Example 5: Localized Partisanship in Pennsylvania
In 1986, political strategist James Carville, who later ran Bill Clinton's first presidential campaign, described Pennsylvania as Paoli and Penn Hills with Alabama in between. Paoli is a suburb of Philadelphia, and Penn Hills is a suburb of Pittsburgh, and so Carville was referring to the two urban centers of this long-standing "swing state" as Democratic strongholds, with the remaining rural areas of the state as Republican territory.
Carville's words are indicative of the broader desire of both the public and the highest level of political punditry to divide the country into red and blue areas. For most Americans with an even passing familiarity with elections in the 21st century, one of the defining images of recent American politics has been the ubiquitous electoral map from 2000 and 2004, featuring slivers of blue states along the north and west coast, and a sea of red states in the south and the heartland. Despite President-elect Barack Obama's insistence that we are not a collection of red and blue states, this salient imagery is difficult to overcome.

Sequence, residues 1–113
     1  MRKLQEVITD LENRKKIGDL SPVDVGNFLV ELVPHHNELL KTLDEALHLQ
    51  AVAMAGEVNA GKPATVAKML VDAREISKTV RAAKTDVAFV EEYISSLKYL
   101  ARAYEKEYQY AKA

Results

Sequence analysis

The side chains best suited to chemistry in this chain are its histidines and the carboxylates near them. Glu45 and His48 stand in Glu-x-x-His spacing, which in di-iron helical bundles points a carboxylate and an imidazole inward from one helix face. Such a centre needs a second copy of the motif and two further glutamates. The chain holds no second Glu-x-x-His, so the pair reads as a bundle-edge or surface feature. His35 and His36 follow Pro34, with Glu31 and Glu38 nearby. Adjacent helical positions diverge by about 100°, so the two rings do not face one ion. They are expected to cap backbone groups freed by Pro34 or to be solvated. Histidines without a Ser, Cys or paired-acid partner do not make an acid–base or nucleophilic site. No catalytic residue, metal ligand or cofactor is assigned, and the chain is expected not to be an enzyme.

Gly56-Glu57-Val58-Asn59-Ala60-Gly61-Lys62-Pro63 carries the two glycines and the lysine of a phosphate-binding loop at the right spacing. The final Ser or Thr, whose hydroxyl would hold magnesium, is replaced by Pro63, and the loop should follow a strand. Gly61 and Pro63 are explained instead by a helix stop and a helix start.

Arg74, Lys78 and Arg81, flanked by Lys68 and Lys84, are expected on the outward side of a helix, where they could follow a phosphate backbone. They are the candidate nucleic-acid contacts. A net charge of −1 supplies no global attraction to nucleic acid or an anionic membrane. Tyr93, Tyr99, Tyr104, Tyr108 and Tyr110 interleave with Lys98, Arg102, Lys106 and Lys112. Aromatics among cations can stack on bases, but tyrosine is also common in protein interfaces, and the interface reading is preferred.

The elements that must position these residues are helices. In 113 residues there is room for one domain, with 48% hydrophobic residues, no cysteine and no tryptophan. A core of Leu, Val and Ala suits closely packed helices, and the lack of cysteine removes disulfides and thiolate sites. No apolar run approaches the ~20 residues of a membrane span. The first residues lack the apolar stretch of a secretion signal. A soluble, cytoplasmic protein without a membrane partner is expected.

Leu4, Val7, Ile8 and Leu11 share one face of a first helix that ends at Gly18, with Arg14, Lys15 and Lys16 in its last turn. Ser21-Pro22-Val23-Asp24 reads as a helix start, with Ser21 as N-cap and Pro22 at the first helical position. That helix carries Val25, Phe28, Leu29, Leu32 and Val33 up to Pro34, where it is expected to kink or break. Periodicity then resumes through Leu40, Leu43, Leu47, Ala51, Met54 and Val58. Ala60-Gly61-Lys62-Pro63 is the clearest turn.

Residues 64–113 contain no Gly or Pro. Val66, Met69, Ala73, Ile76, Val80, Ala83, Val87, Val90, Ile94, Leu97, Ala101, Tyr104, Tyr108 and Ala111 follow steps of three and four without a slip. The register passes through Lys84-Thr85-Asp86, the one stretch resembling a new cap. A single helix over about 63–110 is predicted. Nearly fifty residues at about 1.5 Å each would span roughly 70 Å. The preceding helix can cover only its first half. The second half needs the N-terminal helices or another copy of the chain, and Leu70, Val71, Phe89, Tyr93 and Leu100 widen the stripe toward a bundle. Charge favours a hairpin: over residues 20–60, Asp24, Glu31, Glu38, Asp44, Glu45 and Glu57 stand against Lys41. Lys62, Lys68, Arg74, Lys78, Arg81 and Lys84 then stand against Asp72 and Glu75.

Figure 19-5 presents a clarification of sorts for Carville's description of Pennsylvania and a different way of looking at geographic partisanship, based on a new and exciting type of data and a rich visualization technique. The bottom layer of the map shows Pennsylvania counties shaded by their 2004 presidential election returns, with blue indicating higher support for the Democratic ...